Snow lovers lament a winter that never was

CITY DIARY: Josephine Trueschler

April 03, 2002|By Josephine Trueschler

DRIVING SOUTH into the city the other morning, we saw a sign in a store window announcing "75% off Winter." That struck a tender spot in the hearts of those of us who love winter. Just give it away, we thought.

How shall we bear the loss of a winter that never was, the real blow that never swept across the state, or even for a morning paralyzed the city?

Shall we go grieving through March, afraid that April, after all, is not, as T.S. Eliot imagined, "the cruelest month"?

Could it be December or February without snow? Who could go lamenting over lilacs when the felt sorrow is that the dead of winter did not bury us under the sudden beauty of snowfall? The hope for snow and sleet, frost and icicle, even for a 2-inch slush, has melted down and out to zero. Zilch.

We did not wake up to the hush of a snowy dawn frozen still in windswept cold. We shoveled no path to the mailbox nor dug the car out of the driveway. We had no sledding to speak of, only a single Saturday midday with not enough practice time to get up a really daring run.

We heard no sound of shouting children, free of a day of school, whirling down slopes on snow saucers. The neighborhood was never busy rolling up snowmen in the front yard.

We did not spend a day at the window listening to the raucous squawking of crows as they gathered in the long green-sleeved pines, flouncing onto the branches to send showers of snow cascading to the ground. We did not have the chance to wonder at the sudden beauty of ungainly crows become lords of the landscape -- so black and vivid and even majestic when seen against the soft white of winter.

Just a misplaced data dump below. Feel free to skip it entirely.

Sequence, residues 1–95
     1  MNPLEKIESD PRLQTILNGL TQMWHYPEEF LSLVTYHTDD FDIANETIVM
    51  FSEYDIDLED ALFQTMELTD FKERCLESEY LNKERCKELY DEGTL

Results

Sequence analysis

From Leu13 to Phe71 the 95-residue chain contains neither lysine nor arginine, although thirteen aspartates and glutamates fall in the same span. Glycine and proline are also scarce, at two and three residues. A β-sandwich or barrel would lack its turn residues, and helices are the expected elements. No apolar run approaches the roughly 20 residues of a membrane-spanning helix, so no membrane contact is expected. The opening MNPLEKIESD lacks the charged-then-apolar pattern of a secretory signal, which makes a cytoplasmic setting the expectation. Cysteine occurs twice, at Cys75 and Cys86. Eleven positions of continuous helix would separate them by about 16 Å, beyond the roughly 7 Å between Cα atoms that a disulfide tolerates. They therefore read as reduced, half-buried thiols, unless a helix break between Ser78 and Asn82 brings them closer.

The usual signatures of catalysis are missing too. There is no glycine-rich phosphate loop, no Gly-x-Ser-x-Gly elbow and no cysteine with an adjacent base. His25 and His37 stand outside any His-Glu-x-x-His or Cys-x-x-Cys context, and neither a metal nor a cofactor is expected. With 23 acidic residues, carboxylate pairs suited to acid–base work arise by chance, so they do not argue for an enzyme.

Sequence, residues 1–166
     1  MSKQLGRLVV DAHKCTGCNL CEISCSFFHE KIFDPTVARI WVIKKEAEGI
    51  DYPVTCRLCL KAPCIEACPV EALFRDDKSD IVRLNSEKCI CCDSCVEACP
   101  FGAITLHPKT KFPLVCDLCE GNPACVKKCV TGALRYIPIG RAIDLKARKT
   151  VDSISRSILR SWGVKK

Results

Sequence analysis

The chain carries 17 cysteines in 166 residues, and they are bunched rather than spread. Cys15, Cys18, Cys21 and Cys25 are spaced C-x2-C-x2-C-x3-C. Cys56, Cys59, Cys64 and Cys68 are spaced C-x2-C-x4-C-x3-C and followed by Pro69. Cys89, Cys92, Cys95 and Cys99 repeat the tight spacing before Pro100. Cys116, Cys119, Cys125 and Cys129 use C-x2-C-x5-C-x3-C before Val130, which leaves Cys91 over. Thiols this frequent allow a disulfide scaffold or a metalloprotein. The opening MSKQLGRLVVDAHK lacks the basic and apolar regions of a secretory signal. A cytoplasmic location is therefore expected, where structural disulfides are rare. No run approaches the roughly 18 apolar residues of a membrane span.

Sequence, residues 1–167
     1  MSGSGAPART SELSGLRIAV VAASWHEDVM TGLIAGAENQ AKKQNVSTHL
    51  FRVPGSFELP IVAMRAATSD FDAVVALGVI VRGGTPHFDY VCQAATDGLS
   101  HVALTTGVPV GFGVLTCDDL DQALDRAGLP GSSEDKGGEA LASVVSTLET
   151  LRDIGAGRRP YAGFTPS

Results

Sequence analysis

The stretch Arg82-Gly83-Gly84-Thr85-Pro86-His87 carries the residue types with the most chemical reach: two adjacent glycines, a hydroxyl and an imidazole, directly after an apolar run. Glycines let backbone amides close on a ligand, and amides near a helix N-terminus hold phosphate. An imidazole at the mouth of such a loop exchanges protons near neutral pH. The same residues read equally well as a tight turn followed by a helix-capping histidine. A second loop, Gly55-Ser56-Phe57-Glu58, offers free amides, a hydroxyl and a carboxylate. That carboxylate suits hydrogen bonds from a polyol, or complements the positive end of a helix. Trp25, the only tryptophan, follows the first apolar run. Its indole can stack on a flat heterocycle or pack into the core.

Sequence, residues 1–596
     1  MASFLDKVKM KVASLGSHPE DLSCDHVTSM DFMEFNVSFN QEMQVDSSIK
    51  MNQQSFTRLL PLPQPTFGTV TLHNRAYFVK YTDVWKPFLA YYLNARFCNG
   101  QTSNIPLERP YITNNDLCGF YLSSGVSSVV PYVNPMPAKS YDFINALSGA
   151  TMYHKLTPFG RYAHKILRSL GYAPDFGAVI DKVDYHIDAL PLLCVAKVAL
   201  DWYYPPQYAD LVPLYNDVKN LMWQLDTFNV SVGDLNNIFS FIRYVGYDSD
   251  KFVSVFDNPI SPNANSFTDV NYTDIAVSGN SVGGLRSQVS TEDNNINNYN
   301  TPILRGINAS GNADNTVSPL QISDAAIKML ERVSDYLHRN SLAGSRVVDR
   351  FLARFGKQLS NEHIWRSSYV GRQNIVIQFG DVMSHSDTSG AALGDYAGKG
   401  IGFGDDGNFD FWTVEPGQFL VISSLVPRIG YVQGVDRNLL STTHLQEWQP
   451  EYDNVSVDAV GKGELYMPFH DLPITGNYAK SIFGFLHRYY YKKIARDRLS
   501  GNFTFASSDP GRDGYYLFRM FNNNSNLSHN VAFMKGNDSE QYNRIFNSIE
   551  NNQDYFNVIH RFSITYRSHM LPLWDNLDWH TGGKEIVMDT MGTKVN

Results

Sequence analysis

We did not spend twilight standing alone in snow-covered streets as darkness came on. The only color then is in the red-streaked lower western sky and the weathered housetops huddling toward black. The stark and lonely look of things on a snowy evening is only beautiful. Everything smells of piercing cold, but there is sometimes a whiff of wood smoke in the air. The feeling of peace and stillness and solitude falls over all, and we are never so happy to stand alone.

Long after dinner, we were not lured out again, longing for one more last trudge just to see the glisten and let the sunless cold try to find every crevice in our clothing so we could feel the winds of winter down the backs of our necks and feel winter in all our bones. We shiver with more than cold in the mysterious austere beauty of a winter night.

Now it is time to pack away mufflers and boots. Time to hang up our hopes for snow. It seems winter or no, spring just comes along. Warm spring-like weather has been with us for weeks. We could gather a whole bouquet of daffodils right this minute. There is nothing to do but to give ourselves over to blossoms and baseball.

In these matters, fate is kind.

Today's writer

Josephine Trueschler is professor emeritus of English at the College of Notre Dame in Baltimore. She lives in the Cedarcroft section of Baltimore.

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